“‘Be strong and very courageous. Be careful to obey all the instructions Moses gave you. Do not deviate from them, turning either to the right or to the left. Then you will be successful in everything you do. Study this Book of Instruction continually. Meditate on it day and night so you will be sure to obey everything written in it. Only then will you prosper and succeed in all you do. This is my command—be strong and courageous! Do not be afraid or discouraged. For the LORD your God is with you wherever you go'” (Joshua 1:7-9, NLT).
This week I’ve blogged about Joshua’s commission from God as he assumed the role of Moses’ successor. I’ve written about God’s promises, God’s presence, and God’s purpose for the people which had not diminished in the face of transition. So what was the appropriate response for Joshua and the people? What is our appropriate response? What can we take away from this text?
First, they were to be governed by a strong faith in God. Three times in these nine verses we have read the phrase, “Be strong and of good courage.” To have courage does not mean to muster up bravery. It means to be confidently resolved; to have an unshakable conviction. In short, the people were to have such a confident faith in God that their faith would override any temptation to live in fear.
Fear is a problem for us because fear establishes the limits of our lives. If we’re afraid of heights, we stay low. If we’re afraid of water, we stay dry, and so forth. But fear is not limited to our private phobias. Fear can also become a part of a corporate culture. If we’re afraid of the future, for example, we’ll cling to our history. If we’re afraid to risk, we’ll play it safe. If we’re afraid of change, we’ll cling to the status quo.
So rather than being governed by fear, let our hearts be governed by a deep faith and conviction that God is who he says he is and that he will do what he said he would do. God has not forsaken his purposes for His church. God has not withdrawn his promises for His church, and God has not withheld his presence from His church.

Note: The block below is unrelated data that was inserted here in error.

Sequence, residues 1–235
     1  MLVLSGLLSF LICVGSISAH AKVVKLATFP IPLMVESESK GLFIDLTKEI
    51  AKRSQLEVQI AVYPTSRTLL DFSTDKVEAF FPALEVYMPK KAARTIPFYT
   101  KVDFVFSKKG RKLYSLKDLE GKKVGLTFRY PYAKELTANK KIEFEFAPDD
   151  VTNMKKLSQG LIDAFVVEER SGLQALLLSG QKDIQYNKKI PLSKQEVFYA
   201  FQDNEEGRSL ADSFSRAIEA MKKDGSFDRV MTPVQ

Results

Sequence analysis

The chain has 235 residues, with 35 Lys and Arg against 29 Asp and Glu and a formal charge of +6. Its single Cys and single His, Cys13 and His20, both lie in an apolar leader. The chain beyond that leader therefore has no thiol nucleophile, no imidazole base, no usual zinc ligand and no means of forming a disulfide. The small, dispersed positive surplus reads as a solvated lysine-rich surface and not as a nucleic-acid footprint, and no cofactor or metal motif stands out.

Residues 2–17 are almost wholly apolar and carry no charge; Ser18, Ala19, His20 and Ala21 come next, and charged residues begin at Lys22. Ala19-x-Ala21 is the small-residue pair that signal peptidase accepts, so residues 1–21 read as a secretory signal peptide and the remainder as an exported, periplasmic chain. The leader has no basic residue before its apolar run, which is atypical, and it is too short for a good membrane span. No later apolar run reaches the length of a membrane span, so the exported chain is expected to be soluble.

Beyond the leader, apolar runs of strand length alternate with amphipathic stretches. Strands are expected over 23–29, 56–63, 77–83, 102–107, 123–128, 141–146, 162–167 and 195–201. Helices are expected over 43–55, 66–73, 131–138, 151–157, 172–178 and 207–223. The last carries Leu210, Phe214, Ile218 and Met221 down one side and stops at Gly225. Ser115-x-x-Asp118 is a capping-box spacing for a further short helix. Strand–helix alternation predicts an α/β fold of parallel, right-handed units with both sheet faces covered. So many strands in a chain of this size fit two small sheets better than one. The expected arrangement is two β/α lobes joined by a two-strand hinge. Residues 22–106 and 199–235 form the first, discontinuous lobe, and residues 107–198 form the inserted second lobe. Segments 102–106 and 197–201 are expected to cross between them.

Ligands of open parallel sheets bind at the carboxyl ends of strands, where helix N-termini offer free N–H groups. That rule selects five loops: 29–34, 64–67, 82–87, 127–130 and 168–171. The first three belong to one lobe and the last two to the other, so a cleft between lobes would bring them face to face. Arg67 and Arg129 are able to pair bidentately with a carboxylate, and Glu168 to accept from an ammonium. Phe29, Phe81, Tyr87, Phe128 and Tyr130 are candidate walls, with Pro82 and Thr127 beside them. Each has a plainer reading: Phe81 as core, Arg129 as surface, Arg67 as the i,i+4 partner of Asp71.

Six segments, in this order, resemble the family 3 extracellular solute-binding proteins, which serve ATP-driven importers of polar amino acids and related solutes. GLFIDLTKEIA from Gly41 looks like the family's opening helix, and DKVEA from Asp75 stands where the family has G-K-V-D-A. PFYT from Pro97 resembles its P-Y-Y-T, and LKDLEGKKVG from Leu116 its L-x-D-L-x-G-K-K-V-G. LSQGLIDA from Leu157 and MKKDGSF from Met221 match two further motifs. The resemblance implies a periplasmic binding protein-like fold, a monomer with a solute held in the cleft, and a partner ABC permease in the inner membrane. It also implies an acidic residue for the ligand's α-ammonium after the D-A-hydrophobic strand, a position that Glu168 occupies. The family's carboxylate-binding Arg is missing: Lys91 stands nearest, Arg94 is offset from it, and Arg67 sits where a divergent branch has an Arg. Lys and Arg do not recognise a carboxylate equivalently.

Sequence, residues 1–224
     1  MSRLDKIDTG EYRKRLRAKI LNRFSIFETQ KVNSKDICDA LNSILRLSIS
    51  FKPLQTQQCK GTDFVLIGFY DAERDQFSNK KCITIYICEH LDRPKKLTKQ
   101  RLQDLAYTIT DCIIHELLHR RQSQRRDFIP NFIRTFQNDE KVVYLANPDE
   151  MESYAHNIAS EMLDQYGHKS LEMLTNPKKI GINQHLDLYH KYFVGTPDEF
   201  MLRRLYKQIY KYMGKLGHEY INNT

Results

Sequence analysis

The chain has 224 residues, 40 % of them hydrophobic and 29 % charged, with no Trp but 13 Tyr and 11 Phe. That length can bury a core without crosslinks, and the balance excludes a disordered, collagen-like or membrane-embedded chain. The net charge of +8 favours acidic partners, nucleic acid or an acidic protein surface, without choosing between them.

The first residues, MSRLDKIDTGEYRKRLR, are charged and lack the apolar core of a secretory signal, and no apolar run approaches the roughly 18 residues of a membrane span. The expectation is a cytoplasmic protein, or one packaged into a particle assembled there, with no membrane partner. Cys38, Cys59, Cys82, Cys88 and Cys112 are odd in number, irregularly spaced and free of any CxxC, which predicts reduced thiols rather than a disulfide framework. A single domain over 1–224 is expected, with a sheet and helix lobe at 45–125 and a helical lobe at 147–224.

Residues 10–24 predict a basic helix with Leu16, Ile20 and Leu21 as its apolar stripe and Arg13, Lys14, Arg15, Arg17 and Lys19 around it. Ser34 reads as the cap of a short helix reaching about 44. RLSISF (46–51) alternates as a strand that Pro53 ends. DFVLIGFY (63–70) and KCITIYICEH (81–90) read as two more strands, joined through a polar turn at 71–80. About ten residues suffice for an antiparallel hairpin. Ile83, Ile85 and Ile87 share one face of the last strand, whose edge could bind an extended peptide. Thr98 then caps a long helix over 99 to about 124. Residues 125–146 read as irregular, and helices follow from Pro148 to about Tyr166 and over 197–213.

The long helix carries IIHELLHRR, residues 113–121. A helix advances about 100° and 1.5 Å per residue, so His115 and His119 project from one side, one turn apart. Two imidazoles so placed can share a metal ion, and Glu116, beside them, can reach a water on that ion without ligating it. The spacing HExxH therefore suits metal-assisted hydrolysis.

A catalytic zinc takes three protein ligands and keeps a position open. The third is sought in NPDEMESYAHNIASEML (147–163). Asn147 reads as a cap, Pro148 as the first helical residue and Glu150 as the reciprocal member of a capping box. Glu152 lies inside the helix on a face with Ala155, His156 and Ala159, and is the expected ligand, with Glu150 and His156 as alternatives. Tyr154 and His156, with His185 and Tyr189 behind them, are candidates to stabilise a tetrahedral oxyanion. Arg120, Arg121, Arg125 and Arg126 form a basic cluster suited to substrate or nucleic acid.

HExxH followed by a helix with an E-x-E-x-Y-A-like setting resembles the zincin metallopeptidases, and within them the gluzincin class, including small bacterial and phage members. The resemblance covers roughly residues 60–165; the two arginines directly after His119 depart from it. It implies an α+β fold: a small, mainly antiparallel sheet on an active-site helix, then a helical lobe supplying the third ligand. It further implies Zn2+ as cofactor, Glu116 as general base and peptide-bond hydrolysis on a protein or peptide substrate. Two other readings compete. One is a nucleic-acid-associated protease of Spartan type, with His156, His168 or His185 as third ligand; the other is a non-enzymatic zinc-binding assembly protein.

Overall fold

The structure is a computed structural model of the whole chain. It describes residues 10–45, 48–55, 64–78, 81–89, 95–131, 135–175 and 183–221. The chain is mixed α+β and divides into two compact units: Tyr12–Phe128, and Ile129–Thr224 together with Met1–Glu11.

Second, they were to be guided by the words of God. In the context of Joshua these instructions to carefully observe the words of God would have been understood to be a reference to the ten commandments and the Levitical code we find in Exodus and the book of Leviticus. In those sections God gave his people laws concerning health and wellness, property rights, ethical behavior for business practices, and more. In our 21st century context, we take this exhortation as a reference to the Scriptures.
One of the reasons we have a high view of the Scriptures is because the written words reveal the Living Word, Jesus Christ. In fact, Jesus said, “You search the Scriptures because you think they give you eternal life. But the Scriptures point to me!” (John 5:39, NLT)
As you begin this new year you’re probably like me, facing all kinds of transitions and changes. Regardless of those changes, God is the same yesterday, today, and forever. His purposes have not changed for your life or your church! God is still “on point.” The best response we can make is to be governed by faith and guided by His words. If we do those two things, we can navigate the rivers before us and possess the land!